I recently had the opportunity to participate in a panel discussion entitled “Insight, Innovation and Investment” sponsored by the Electric Drive Transportation Association (EDTA) – the trade association promoting battery, hybrid, plug-in hybrid and fuel cell electric drive technologies and infrastructure. EDTA conducts public policy advocacy, provides education and awareness, and enables industry networking and collaboration. Membership is comprised of vehicle and equipment manufacturers, energy companies, technology developers, component suppliers, government agencies and others. I was joined by Charlie Yankitis, Director, Business Development & Electric Vehicle Solutions for Bosch; Lang Reynolds, Manager, Electric Transportation for Duke Energy; and Sophie Shulman, Manager, Charging Infrastructure Partnerships for Electrify America on this timely panel.
Although the panel discussion covered a variety of topics, three key themes are worth sharing. The themes relate to market adoption, expected challenges and legislative issues.
Q: Market opportunities: So, how big is the electric drive market? Is this real or just a lot of hype? How are companies like LORD preparing?
A: The market is really at an inflection point and the expectation is that the growth rate projected by many analysts and OEMs could very well be realized soon. If you evaluate what the industry is currently doing, especially OEMs and Tier 1 suppliers, you will see massive amounts of financial investment in preparation for market adoption. A lot is happening from a global policy standpoint as well.
At LORD, we believe that one of the key factors in adoption of electronic vehicles is improved thermal management solutions, especially reducing heat in battery packs. To this end, we have been working diligently for several years on broadening our thermal management portfolio so we can respond to OEMs on a global basis. We also have a range of adhesives that help in battery pack assembly that will reduce the need for welding and rivets and other mechanical fixturing. Further, since global solutions are needed, LORD continues to expand our manufacturing footprint to ensure we are responsive to customer needs.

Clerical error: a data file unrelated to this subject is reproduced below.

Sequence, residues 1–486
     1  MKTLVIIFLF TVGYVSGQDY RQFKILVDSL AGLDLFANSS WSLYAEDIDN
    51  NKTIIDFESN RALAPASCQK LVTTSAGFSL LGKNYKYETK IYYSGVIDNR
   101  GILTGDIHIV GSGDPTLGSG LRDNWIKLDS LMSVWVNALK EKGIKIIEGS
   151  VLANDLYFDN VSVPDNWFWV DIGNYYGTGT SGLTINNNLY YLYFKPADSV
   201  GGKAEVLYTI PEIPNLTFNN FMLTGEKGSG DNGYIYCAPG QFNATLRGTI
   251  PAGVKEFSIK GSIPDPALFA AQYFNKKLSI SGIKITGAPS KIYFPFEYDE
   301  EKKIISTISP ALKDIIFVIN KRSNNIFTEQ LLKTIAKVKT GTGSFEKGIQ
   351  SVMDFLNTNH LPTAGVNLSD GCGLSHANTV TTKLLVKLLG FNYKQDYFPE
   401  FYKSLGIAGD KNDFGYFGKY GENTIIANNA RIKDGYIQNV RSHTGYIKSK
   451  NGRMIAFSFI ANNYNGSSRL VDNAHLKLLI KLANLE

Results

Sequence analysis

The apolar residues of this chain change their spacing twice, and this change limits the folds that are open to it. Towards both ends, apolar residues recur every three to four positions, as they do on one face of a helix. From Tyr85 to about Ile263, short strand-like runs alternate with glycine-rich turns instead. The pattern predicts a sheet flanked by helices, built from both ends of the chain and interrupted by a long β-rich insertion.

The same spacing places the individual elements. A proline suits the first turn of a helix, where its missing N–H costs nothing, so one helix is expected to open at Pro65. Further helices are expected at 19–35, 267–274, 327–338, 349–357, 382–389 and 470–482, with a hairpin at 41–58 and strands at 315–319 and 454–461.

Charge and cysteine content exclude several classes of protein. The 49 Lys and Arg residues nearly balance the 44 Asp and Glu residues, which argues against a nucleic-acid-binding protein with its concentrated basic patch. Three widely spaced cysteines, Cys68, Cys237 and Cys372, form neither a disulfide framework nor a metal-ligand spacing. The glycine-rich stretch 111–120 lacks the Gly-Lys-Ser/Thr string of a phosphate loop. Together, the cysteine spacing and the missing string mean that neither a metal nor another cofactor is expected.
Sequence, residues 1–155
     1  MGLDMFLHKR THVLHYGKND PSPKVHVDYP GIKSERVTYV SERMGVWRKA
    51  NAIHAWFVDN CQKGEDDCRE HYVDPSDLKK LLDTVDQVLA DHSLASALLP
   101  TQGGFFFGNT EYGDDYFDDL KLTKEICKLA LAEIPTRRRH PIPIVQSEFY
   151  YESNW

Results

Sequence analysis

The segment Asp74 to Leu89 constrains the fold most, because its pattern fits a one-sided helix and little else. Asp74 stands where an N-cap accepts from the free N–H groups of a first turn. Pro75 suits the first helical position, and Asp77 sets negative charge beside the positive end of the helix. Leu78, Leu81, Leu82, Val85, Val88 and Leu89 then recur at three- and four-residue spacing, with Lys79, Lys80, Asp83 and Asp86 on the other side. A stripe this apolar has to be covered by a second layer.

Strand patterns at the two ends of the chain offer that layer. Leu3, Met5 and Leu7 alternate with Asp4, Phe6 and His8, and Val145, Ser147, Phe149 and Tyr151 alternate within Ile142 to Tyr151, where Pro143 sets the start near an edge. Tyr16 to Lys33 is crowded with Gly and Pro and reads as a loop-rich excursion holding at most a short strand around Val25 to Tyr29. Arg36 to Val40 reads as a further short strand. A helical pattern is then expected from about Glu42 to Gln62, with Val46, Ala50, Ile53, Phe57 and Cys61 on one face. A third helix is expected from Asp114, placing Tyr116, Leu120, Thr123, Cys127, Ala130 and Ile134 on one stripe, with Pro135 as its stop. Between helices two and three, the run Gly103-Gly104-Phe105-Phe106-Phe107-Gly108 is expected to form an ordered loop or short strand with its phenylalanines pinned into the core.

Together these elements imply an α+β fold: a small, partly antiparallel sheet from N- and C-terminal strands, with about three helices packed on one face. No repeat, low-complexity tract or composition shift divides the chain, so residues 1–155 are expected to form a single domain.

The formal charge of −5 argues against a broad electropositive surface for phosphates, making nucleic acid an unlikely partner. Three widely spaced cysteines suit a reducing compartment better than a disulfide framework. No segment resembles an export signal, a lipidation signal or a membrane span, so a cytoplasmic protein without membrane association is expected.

Q: If the EV market does take off, are there going to be significant challenges on the materials and suppliers? Can the value chain keep pace?
A: While the market is getting ready to grow, leading to tremendous opportunities throughout the supply chain, there will be challenges. If you look at the battery cell itself, there will be challenges with respect to the critical materials used. For example, Cobalt may be sourced from Africa (which accounts for almost 50 percent of the supply) could be a concern due to labor practices in the mining industry there. There are also shortage concerns related to Lithium and many major OEMs are already trying to secure a long-term supply. One way to help mitigate the shortage, especially Cobalt, is through recycling. LORD has materials to help make the process easier through our disassembly solutions.
Q: What do US legislators needs to know about this market and how are they responding?
A: The EDTA works hard on behalf of its members to work with legislators and help them prepare for this market shift in the United States. Many other countries around the world have already taken steps to create aggressive policies to support this market. For example, many countries in the EU and India have already banned internal combustion engines. China is expected to make the same announcement soon. We need to be cognizant of what other countries are doing from a legislative and policy standpoint so we don’t fall behind. Consider Norway: more than half the new vehicles sold in the country are electric! The result of these policies speak for themselves.
LORD is available to help you respond to the electrification market. Please contact us today!